EAGLE VALLEY—turbulentia. South Wallowas, great transitional [ click photo for next . . . ]
divide between Canyon Country & High Mountain Country.
Eagle Cap Wilderness . . .
This is May in rugged and wild Northeast Oregon. But
only a part of the whole. In the image above, made
just last Thursday at about 2000 m from a basecamp
in 1.6 m of solid winter snowpack, we're looking
South over the dramatic transitional landscape from
high alpine, to the much lower and drier and open
sagebrush steppe of the Snake River.
I can think of no European equivalent, in both sharpness
of contrast and vastness of scale (other than perhaps the
south or Spanish side of the central Pyrenees). The two
photographs below, one, a quick improvised snow bivi, where
the above was made, and the second, just a short 300 meter
ski north up into one of the most spectacular Whitebark Pine
/ Clark's Nutcracker communities still left in the
Pacific Northwest, help complete the picture.
Remember. All I did is turn around with my camera,
and face the other way:
One of my "Keyhole Kivas" that
I make if I expect
rai on top of snow . . .View Northeast, out of High Wallowas,
into the drier Canyon Counry . . .
If music is, like Rainer Maria Rilke jotted down in an occasional
poems in a concert guestbook in the south of Germany, around 1918,
'audible landscape,' then...
Let me give you the entire poem in English here, for it is a
masterpiece of metaphor and image:
Music. The breathing of statues. Perhaps:
The silence of pictures.You, language where all
languages end. You, time
standing straight up out of the direction
of hearts passing on.
Feeling, for whom? O the transformation
of feeling into what?— into audible landscape.
Music: you stranger. Passion which
has outgrown us. Our inner most being,
transcending, driven out of us,—
holiest of departures:
inner worlds now
the most practiced of distances, as
the other side of thin air:
no longer habitable.
(tr. Cliff Crego)
Audible landscape. Now there's a theme one could ponder for
many lifetimes. In the present era—what I see as the Dark Ages
of the Literal Man, or, as I've written elsewhere, the mistaken
Trinity Path of the way of hydrocarbons and control by force—
Music has in my view faired no better than the Land itself.
(see the essay below...)
But don't take my word for it. Come sit here for yourself
a while. And let the silence speak to you.
On the road in the American Northwest.
ON THE COLLAPSE OF CONTEMPORARY
MUSICAL CULTURE (I) [an essay outline, from
my whitebark blog . . .]
“When words become unclear, I shall
focus with photographs. When images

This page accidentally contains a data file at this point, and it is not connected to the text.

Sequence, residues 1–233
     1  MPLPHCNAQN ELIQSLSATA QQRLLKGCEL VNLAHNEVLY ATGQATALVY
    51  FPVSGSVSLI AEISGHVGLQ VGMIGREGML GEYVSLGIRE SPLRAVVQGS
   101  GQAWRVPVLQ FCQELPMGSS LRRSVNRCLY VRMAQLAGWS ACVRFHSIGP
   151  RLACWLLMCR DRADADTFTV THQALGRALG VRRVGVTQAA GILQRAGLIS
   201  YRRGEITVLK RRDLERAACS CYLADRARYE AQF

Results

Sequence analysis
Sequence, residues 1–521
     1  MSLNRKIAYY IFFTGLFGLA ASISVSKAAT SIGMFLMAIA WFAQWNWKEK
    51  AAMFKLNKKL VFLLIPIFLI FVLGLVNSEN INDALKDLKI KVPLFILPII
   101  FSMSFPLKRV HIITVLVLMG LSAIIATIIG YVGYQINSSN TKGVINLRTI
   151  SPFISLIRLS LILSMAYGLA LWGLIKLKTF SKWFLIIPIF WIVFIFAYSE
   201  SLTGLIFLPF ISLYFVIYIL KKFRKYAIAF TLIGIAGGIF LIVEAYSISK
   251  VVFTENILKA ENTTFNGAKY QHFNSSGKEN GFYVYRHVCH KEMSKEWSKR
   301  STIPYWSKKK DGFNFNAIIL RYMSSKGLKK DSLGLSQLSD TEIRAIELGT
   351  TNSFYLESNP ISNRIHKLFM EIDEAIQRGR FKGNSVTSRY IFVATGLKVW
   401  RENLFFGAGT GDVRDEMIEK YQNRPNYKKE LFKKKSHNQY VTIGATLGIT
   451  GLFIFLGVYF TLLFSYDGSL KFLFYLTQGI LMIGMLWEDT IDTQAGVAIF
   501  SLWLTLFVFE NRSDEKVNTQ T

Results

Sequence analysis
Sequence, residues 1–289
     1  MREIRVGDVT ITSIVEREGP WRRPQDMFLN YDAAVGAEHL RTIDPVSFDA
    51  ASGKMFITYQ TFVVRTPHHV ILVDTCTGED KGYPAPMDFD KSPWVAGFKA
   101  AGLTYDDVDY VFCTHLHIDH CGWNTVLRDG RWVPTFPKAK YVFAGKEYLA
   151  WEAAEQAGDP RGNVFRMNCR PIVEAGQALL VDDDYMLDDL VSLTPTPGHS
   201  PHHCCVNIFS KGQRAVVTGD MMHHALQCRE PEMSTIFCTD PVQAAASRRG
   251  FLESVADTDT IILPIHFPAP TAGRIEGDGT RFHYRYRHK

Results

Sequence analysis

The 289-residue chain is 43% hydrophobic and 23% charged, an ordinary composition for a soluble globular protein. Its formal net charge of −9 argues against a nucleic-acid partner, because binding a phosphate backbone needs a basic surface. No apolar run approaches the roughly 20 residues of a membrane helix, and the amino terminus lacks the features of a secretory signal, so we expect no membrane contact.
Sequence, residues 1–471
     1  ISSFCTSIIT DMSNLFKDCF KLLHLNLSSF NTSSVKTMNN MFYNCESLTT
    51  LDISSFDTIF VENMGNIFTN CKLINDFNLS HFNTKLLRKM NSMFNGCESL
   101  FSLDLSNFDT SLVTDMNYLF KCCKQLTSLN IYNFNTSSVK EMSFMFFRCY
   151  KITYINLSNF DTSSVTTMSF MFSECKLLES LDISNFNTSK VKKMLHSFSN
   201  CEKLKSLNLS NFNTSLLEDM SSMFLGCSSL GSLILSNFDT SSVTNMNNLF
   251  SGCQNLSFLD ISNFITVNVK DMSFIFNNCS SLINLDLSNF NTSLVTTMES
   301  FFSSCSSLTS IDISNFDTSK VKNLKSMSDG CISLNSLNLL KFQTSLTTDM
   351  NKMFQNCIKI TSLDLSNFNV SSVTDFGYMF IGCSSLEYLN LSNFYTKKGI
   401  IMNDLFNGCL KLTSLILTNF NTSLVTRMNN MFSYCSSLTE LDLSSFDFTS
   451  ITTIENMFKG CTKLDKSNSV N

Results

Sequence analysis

become inadequate, I shall be
content with silence.”
Music is not separate from Nature.
Music is not separate from metaphysics.
How we think about Nature, and think about
about thinking itself, conscious or not, in a
tacit yet powerful way, shapes our perception
of music and musical meaning.
The current habit of both Western popular
and intellectual culture is not to give attention
to these things. In music, this means that things—
assumptions, traditions, habits, practices—by
and large go unquestioned. This unquestioning
attitude is really a kind of denial. And denial, in turn,
is a kind of fragmentation or a separation from the
urgencies of reality which makes short-term existence
a bit easier to handle, but has from a broader
perspective potentially devastating and disastrous
Collapse in the most fundamental sense is
caused by contradiction. Contradiction is literally
when two movements ’speak’ or fight against
one another. Contradictions are not a part of
natural movement simply because they are a
tremendous waste of energy.
Contemporary musical culture—classical musical
culture—is now rife with contradictions. Almost
none of these are being addressed.
The key feature of these contradictions in musical
culture is fragmentation. Keep one image in mind:
the form of a fine violin, weighing almost nothing,
yet capable of projecting its vibrant, living sound
and filling amazingly large spaces. If we smash the
violin, however, it is nothing. Just a pile of
That is fragmentation.
This is what at a much larger and more profound
and subtle level has happened to musical culture
as a whole. It has been smashed. What we have
now is shards, all struggling to exist in isolation,
but not adding up to anything sustainable
on the long term.
Yet we continue, unquestioningly, as if everything
where still whole, yet repeating over and over again
the same mistakes. By now, like a piece played
with wrong notes and out of tune that nobody
hears any more, mistakes have become the norm.
They get contracts. Applause. They win prizes.
So now, the AT (Alexander Technique) adage
demonstrates its truth: If you’re wrong, what is
right is bound to seem wrong to you.
My contention is that there is not a single
contradiction in musical culture that is specific
to music. That is why it is necessary to pause
and step back to view carefully and with a certain
sustained seriousness musical culture from the
broadest possible vantage point. [part I]
THE LITTLE CLAVIER please preview 150 of 631 pages
w/ my black & white photography [opens in new window]